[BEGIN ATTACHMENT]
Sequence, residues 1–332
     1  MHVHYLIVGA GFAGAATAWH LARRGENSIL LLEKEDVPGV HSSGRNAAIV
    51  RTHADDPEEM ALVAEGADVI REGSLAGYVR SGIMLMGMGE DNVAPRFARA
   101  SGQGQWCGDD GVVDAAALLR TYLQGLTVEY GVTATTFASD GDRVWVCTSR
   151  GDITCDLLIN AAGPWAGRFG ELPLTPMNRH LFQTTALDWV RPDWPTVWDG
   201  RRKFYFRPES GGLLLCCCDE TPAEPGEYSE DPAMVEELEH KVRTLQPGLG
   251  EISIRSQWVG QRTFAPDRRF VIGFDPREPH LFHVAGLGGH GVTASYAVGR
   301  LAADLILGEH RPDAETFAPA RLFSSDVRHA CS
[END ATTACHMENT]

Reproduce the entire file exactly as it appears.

Sequence, residues 1–332
     1  MHVHYLIVGA GFAGAATAWH LARRGENSIL LLEKEDVPGV HSSGRNAAIV
    51  RTHADDPEEM ALVAEGADVI REGSLAGYVR SGIMLMGMGE DNVAPRFARA
   101  SGQGQWCGDD GVVDAAALLR TYLQGLTVEY GVTATTFASD GDRVWVCTSR
   151  GDITCDLLIN AAGPWAGRFG ELPLTPMNRH LFQTTALDWV RPDWPTVWDG
   201  RRKFYFRPES GGLLLCCCDE TPAEPGEYSE DPAMVEELEH KVRTLQPGLG
   251  EISIRSQWVG QRTFAPDRRF VIGFDPREPH LFHVAGLGGH GVTASYAVGR
   301  LAADLILGEH RPDAETFAPA RLFSSDVRHA CS